Definition of chalk up

To apply chalk to the tip of your cue before a shot.

24 Random Essential Billiards Terms

Also yellow(s).
In snooker, the lowest-value colour ball on the table, being worth two points. It is one of the baulk colours.
In blackball, one of two groups of seven object balls that must be potted before the eight ball; compare stripes; contrast red ball.
Common slang in the US for a cheap, poorly made cue. Compare wood.
The World Confederation of Billiard Sports (WCBS, sometimes called the World Confederation of Billiards Sports) is the international umbrella organization encompassing the major cue sports (billiards-type games), including carom billiards, pool games of several varieties, and snooker. The primary aim of WCBS is to establish billiard-type sports as medal events in as many multiple-sports competitions as possible, on both regional and world levels. The ultimate goal of WCBS is to have billiard sports included in the Olympic Games.
This is the way your hand is configured to support the shaft of the cue during a shot.
The forward rotation of the cue ball that results from a follow shot. Also known as top spin or top, follow is applied to the cue ball by hitting it above its equator, causing it to spin more rapidly in the direction of travel than it would simply by rolling on the cloth from a center-ball hit. Follow speeds the cue ball up, and widens both the carom angle after contact with an object ball, and angle of reflection off a cushion.
This is when, after playing an opponent for a while you both break even as far as money exchange, and the only person to get paid is the house for use of their table.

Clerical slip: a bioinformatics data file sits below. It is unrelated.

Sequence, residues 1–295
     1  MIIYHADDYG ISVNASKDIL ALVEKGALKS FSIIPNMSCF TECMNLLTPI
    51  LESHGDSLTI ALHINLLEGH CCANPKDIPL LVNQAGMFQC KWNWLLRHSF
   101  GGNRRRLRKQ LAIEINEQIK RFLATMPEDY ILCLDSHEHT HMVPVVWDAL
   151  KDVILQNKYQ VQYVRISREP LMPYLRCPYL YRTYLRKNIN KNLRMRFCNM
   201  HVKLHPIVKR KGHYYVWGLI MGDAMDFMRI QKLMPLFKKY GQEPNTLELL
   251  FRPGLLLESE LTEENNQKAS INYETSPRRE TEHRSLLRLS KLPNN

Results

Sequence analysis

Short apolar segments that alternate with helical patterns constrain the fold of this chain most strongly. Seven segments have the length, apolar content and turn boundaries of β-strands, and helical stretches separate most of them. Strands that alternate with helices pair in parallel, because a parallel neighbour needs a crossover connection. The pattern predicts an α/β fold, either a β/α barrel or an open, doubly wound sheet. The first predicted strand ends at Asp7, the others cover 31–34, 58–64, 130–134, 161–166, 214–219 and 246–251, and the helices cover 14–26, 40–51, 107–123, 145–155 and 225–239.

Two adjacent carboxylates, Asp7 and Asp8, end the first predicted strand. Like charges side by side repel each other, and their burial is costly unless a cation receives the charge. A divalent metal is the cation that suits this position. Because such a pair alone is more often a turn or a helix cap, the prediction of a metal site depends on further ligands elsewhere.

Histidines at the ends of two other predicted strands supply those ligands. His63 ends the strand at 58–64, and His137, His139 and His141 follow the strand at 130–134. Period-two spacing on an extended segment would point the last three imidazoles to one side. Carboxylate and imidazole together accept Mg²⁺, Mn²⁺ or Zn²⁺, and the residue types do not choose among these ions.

An illegal shot (foul) in which the cue stick's tip contacts the cue ball twice during a single stroke. Double hits often occur when a player shoots the cue ball when it is very close to an object ball or cushion, because it is difficult to move the cue stick away quickly enough after the cue ball rebounds from the cushion or object ball.
This is a shot that attempts to move a number of balls onto your side of the table in a kind of herding attempt.
This refers to the cluster of balls remaining in a similar position to where they were within the break.
Side spin on the cue ball that causes it to roll off a cushion (contacted at an angle) with rather than against the ball's natural momentum and direction of travel. If angling into a rail that is on the right, then running english would be left english, and vice versa. The angle of deflection will be wider than if no english were applied to the cue ball. But more importantly, because the ball is rolling instead of sliding against the rail, the angle will be more consistent. For this reason, running English is routinely used. Also called running side in British terminology. Contrast reverse english.
In nine-ball, especially in the UK, a break shot that pots the 9 ball without fouling, in which case the player wins in one shot. See also on the break/snap.
Slang for a mechanical bridge.
Any shot where the cue ball is intentionally jumped into the air to clear an obstacle
Play, from the opening break shot until one player has won (or the game has been halted for some reason by a referee). Games are the units that make up matches, races (in some senses of that term) and rounds. Essentially the same as frame, except with regards to straight pool, which is a multi-rack game.
This is an instance when the person not taking their turn interferes with the game play, this is recorded as a foul.
The ACS Canadian affiliate organization, the Canadian Cue Sport Association.
A description of play in carom billiards games in which the balls remain widely separated rather than gathered, requiring much more skill to score points and making nurse shots effectively impossible, and making for a more interesting game for onlookers. Most skilled players try to gather the balls as quickly as possible to increase their chances of continuing to score in a long run.
Chiefly American: The cushion on the head rail. Compare bottom cushion; contrast foot cushion.
Same as foot spot. Chiefly British today, but also an American usage ca. World War I.
A point bead on a scoring string.
Short for left english (side), i.e. spin imparted to the cue ball by stroking it to the lefthand side of its vertical axis. Contrast right.
This term is much like rain table and refers to a table is playing soggy due to humid conditions.
British: Same as cling, and kick.
This is a term to describe 100 break points in a game of snooker.